We're currently enjoying a Summer of celebrating diversity and equality!
With Pride month throughout June and even more Pride events to look forward to within and close to Gloucestershire county, it's great to see so many people expressing their individuality and even being an ally to the LGBT+ community.
However, we are also experiencing a time of several incidents involving Hate Crime, with a rise in incidents from previous years.
Whilst more reporting is happening, and it's being brought to people's attention, Hate Crime is something the LGBT+ community, and other minority groups live in fear of being targeted for.
Please note: the remainder of this article contains some graphic content.
On Monday, Ellie-Mae Mulholland was beaten up and called 'f****** lesbian' over a £10 note loan in Hull. Two women were attacked in London at the end of May for refusing to kiss each other infront of four young men. And a recent publication of transgender hate crimes shows a rise of 81% across 36 police forces in the UK.
Hate crime can occur in many ways, and it's important to remember that if someone feels discriminated against based on their gender, sexual orientation, race, religion, disability and many minority groups, it is very common that they've been a victim of a hate crime.
They could've experience verbal or physical abuse, or direct actions against them to make them feel as if their livelihood is of less value than other's.
By visiting www.gloshate.co.uk, you can familiarise yourself with the ways of reporting hate crime. There are many examples where victims of hate crime prefer to keep the incident under wraps and not tell somebody, even a family member or a friend. It's important they make the incident known of, as along with a great deal of support, it means that perpretrators have a greater chance of understanding their wrong-doing.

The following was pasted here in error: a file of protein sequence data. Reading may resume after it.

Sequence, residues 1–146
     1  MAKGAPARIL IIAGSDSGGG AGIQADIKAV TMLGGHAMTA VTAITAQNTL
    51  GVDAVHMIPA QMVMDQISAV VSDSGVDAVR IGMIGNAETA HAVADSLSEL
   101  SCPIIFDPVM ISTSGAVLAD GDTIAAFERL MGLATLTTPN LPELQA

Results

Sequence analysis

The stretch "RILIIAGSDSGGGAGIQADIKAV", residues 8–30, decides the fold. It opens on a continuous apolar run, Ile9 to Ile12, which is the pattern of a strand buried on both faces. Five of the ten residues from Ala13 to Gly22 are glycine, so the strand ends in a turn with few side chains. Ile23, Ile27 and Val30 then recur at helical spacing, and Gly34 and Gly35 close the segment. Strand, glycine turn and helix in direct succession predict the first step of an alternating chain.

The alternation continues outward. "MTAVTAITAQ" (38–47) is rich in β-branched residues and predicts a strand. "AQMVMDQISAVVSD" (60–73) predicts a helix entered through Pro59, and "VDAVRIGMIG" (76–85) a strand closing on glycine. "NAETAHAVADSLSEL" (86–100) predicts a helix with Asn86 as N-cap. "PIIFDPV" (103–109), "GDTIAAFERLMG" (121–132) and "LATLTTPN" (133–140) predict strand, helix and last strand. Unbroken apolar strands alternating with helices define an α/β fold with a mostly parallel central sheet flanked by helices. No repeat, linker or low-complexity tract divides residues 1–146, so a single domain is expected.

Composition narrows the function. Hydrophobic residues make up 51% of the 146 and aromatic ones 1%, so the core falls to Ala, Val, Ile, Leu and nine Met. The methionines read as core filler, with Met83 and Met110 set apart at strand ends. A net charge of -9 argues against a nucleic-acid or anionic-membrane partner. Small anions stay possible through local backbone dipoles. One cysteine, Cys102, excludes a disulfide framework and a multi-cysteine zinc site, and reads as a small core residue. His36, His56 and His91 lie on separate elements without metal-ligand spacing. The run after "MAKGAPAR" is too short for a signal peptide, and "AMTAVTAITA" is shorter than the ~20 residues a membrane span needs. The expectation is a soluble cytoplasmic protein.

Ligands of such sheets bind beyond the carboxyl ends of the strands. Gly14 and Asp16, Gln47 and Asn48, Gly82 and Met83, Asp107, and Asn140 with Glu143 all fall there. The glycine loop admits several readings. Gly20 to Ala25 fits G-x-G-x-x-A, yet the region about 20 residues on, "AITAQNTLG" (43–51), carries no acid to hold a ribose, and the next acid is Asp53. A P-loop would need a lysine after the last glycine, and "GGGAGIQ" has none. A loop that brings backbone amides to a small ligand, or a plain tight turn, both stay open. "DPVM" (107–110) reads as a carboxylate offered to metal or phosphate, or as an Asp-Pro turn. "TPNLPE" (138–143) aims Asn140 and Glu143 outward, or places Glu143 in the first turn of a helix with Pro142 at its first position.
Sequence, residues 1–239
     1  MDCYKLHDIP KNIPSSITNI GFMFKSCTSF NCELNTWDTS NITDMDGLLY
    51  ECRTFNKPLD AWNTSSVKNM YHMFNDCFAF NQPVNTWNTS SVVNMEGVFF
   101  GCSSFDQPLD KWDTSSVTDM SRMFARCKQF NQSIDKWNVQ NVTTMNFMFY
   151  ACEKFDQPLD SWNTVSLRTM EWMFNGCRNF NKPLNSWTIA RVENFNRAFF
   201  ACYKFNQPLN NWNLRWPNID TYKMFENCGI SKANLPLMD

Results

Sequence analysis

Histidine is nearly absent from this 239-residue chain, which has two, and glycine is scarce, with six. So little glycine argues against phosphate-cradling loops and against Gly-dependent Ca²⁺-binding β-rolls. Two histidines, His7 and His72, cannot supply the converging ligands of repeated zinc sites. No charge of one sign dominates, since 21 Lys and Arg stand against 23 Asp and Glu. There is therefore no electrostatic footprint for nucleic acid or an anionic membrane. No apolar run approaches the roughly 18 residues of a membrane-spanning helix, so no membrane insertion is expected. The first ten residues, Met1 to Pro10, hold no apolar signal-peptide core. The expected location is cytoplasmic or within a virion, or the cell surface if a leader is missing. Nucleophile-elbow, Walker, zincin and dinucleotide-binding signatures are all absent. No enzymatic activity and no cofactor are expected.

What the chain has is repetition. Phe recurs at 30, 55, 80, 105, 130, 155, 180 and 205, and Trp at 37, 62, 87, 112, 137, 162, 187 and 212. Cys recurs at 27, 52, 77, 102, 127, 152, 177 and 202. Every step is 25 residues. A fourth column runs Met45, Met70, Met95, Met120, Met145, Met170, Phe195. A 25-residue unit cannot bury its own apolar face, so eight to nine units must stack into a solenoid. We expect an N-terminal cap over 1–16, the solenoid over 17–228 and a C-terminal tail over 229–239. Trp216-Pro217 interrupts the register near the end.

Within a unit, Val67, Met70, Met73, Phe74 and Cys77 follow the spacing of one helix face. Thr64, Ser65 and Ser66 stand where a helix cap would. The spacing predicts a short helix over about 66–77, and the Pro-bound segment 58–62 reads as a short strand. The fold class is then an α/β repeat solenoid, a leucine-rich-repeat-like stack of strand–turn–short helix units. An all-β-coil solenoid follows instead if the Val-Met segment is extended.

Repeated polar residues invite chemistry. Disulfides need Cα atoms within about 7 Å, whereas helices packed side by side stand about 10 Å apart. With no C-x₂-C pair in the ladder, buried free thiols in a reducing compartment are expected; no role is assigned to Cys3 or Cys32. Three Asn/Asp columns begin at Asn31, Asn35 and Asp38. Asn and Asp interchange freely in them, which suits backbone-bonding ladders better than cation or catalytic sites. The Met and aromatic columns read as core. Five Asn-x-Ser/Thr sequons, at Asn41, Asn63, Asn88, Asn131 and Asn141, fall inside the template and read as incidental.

It also brings attention to incidents which may already be occurring on a regular basis in a certain area, and ensures services are ready to act to minimalise them.
If you feel you have witnessed a hate crime, or a victim has confided in you about their experience, it is always supportive to both the individual and community to report the incident.
How to Report Hate Crime
There are multiple ways to report a hate incident, even for those who have not been a direct victim.
1. Report it through Victim Support, who will contact you within three working days. This is handled confidentially, and any information and personal details shared to the Police will be done only with your permission, under most conditions.
2. Report it to CrimeStoppers - by calling 0800 555 111, or through their online form - this can be for witnesses or victims and is treated completely anonymously. CrimeStoppers act separately from the Police, so will share information on your behalf and aim to provide context to the incident rather than the individual making the report.
3. Liaise directly with Police - while it may seem daunting, a call or report to the police can often be the most effective way of getting incidents handled. For incidents taking place as you make contact, it's always best to dial 999. For incidents you wish to report on, whether you're a witness or victim, you are better suited to dial 101 or submitting a form to allow them to investigate.
It's important to remember that when reporting hate crime and hate incidents, there is a great level of support in place from both the police service and organisations such as Victim Support.
We hope that there is a future not too far away, where those committing hate crime recognise the impact it can have on victims, and whilst we encourage you to report incidents, that we see a decrease in the number taking place.
Please share about how to report on Hate Crime with family and friends to raise awareness about the local options available.